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Title: ACE insertion/deletion polymorphism and human performance at high altitude
Author: Thompson, C. J.
Awarding Body: University College London (University of London)
Current Institution: University College London (University of London)
Date of Award: 2013
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The hypoxia of high altitude (‘hypobaric hypoxia’) presents a profound physiological challenge to the human body and at extreme high altitude the human body nears the limits of its tolerance for oxygen deprivation. Physical performance in this environment is limited by two major physiological elements: ‘acclimatisation’ to hypobaric hypoxia sufficient to allow strenuous physical exertion, and the avoidance of Acute High Altitude Illnesses (AHAI). The rate and effectiveness of acclimatisation and the susceptibility to AHAI varies markedly between individuals, suggesting a possible genetic influence on high altitude performance. A polymorphism of the human Angiotensin Converting Enzyme (ACE) gene has been identified in which the deletion (D-allele), rather than the insertion (I-allele), of a 287 base pair sequence is associated with higher circulating and tissue ACE activity. This polymorphism has also been associated with physical performance phenotypes, the ACE I-allele being associated with elite endurance performance. An excess frequency of the ACE I-allele has also been identified in a small sample of elite UK high altitude mountaineers. This thesis set out to test the hypothesis that the ACE I-allele is indeed associated with successful physical performance at high altitude, and to explore the mechanism by which such an advantage may be mediated. I conducted a series of prospective geneenvironment interaction studies to assess whether the ACE I-allele is associated with successful ascent to high altitude and, if such an advantage exists, whether this is mediated by reduced susceptibility to Acute Mountain Sickness (AMS) or improved oxygen saturations. To further define the underlying mechanism, I explored the association of bradykinin 2 receptor genotype with high altitude performance to investigate whether the ACE I allele contribution is mediated by increased kinin activity. Additionally I extended these observations to those who have faced the most extreme hypoxic challenge - a successful ascent of Mount Everest.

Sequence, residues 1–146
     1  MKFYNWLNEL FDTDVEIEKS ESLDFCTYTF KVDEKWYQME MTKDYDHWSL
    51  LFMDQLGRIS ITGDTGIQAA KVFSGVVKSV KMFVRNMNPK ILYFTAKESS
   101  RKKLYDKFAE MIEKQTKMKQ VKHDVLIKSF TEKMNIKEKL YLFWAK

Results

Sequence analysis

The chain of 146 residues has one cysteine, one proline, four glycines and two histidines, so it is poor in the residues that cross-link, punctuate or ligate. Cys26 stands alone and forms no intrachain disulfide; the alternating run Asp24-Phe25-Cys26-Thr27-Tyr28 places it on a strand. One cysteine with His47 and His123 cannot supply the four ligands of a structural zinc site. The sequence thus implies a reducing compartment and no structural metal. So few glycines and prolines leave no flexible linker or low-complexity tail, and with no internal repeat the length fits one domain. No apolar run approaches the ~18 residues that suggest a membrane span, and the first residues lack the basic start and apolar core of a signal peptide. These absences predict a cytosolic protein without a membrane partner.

Supervisor: Not available Sponsor: Not available
Qualification Name: Thesis (Ph.D.) Qualification Level: Doctoral
EThOS ID:  DOI: Not available